Having said that, I know a lot of commission based advisors who put their clients first and provide high quality financial advice. Since it is the highest paying structure for a financial advisor, you will also find the cream of the crop. Since a top performer in a bank will barely reach 6 figures, a top performer on a commission structure can make more than 500K per year. No wonder young advisors dream ;-). However, top financial advisors have built their business on strong relationships through sound financial advice for their clients!
Somewhere in between based advisors 😉
You will find these advisors working for banks and other financial institutions (investment firms, insurance companies, etc.). This is actually my personal situation: I am an employee with a base salary. The bank gave me a book of their clients (they are not mine as opposed to commission based advisors) and my goal is to grow the business in the book. We get a bonus depending on the net growth of “our” book at the end of the year.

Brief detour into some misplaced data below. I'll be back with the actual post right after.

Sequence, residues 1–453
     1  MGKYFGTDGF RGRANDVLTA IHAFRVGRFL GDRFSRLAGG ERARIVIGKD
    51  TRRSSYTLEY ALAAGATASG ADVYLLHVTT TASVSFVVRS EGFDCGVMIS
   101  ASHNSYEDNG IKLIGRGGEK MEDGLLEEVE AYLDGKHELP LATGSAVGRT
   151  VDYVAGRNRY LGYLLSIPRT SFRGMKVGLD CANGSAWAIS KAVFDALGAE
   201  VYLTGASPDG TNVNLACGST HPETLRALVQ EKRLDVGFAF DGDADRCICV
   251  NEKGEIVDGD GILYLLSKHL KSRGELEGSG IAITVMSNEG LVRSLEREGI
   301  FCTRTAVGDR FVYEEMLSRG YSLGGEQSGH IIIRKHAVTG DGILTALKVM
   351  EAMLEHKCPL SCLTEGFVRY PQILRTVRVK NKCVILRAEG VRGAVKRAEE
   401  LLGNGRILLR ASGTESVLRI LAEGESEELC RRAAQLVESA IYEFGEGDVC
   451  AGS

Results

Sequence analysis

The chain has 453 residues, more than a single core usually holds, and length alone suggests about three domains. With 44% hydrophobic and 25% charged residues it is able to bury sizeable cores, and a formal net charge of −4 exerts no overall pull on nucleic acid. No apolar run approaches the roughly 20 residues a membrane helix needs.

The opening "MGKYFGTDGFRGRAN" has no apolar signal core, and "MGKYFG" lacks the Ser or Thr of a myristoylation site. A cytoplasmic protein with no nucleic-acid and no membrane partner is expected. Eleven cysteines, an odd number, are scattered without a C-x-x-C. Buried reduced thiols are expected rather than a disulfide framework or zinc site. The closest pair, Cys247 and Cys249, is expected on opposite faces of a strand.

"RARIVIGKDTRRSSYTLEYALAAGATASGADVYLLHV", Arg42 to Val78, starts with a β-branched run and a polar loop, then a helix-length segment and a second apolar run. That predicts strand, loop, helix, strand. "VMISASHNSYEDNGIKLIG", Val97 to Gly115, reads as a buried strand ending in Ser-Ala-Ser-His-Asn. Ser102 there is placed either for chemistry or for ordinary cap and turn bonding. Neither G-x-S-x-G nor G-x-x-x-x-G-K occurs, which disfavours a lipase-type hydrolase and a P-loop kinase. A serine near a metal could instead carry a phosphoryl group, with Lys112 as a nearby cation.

The base salary is big enough so one can live with it without any bonuses. This way, we should be less pushy. On the one hand, we offer our company products exclusively (which is not necessarily a bad thing, since most financial institutions have similar products!). On the other hand, I have seen many other advisors sitting on their base salary and become reactive to their clients instead of being proactive…
As you can see, there is no perfect and transparent compensation system. Each of them has its strengths and weaknesses and may lead to biased financial advice. However, by knowing upfront how your financial advisor is compensated, you will be in a better position to understand why he is insisting on one solution / product or not… we hope.
image source: Law_keven’s photostream